The creator of Powerpuff Girls, the creator of Dexter’s Laboratory, and the creator of Johnny Bravo were all roommates in college.
"From symbiosis to parasitism is a short step. The word is now a virus. The flu virus may have once been a healthy lung cell. It is now a parasitic organism that invades and damages the central nervous system. Modern man has lost the option of silence. Try halting sub-vocal speech. Try to achieve even ten seconds of inner silence. You will encounter a resisting organism that forces you to talk. That organism is the word."
William S. Burroughs, The Ticket That Exploded
G292.0+1.8; an oxygen rich supernova remnant 20,000 light years away in the direction of the constellation Centaurus. Supernovas create most the elements in the universe heavier than hydrogen, their remnants often condense to form new stars and planets. Most of the atoms of our bodies, the earth, oceans and atmosphere were formed billions of years ago in objects like this one.
Jupiter’s great red spot. A hurricane three times the size of our whole planet that’s been raging for centuries.
To celebrate the 15th anniversary of NASA’s Chandra X-ray Observatory, four new images of supernova remnants are being released. These spectacular cosmic vistas are the glowing debris fields that were created when massive stars exploded at the ends of their lives.
Chandra, one of NASA’s current “Great Observatories,” along with the Hubble Space Telescope and Spitzer Space Telescope, is specially designed to detect X-ray emission from hot and energetic regions of the universe. It obits up to 86,500 miles above the Earth.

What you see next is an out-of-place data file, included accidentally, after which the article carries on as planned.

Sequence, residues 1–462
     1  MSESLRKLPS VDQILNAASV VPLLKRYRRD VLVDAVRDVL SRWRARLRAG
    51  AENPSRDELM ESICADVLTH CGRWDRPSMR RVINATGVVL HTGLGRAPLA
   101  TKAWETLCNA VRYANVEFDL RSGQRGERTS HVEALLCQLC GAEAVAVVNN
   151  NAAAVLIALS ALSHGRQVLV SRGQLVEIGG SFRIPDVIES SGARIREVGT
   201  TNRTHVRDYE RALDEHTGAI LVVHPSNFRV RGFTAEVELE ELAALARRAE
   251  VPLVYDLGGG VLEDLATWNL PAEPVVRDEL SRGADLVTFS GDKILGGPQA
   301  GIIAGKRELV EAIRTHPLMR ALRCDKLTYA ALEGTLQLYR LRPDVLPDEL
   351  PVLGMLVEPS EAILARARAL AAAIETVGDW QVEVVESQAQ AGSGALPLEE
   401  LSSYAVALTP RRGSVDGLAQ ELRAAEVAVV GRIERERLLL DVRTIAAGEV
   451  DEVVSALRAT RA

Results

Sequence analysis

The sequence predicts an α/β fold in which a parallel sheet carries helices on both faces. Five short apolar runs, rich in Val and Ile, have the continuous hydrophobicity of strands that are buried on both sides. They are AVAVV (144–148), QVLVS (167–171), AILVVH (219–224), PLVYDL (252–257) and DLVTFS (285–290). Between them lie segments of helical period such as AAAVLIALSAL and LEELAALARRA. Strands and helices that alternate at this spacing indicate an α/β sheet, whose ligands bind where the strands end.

To celebrate Chandra’s 15th anniversary, four new images of supernova remnants – the Crab Nebula, Tycho, G292.0+1.8, and 3C58 – were released by the space agency. These supernova remnants are very hot and energetic and glow brightly in X-ray light, which allows Chandra to capture them in exquisite detail. See a larger version here.
It is Monday so … HERE IS DRAKE! #nonewfriends
A slice of stars
The thin, glowing streak slicing across this image cuts a lonely figure, with only a few foreground stars and galaxies in the distant background for company.
However, this is all a case of perspective; lying out of frame is another nearby spiral. Together, these two galaxies make up a pair, moving through space together and keeping one another company.
The subject of this Hubble image is called NGC 3501, with NGC 3507 as its out-of-frame companion. The two galaxies look very different — another example of the importance of perspective. NGC 3501 appears edge-on, giving it an elongated and very narrow appearance. Its partner, however, looks very different indeed, appearing face-on and giving us a fantastic view of its barred swirling arms.
While similar arms may not be visible in this image of NGC 3501, this galaxy is also a spiral — although it is somewhat different from its companion. While NGC 3507 has bars cutting through its centre, NGC 3501 does not. Instead, its loosely wound spiral arms all originate from its centre. The bright gas and stars that make up these arms can be seen here glowing brightly, mottled by the dark dust lanes that trace across the galaxy.
Image credit: ESA/Hubble & NASA; Acknowledgement: Nick Rose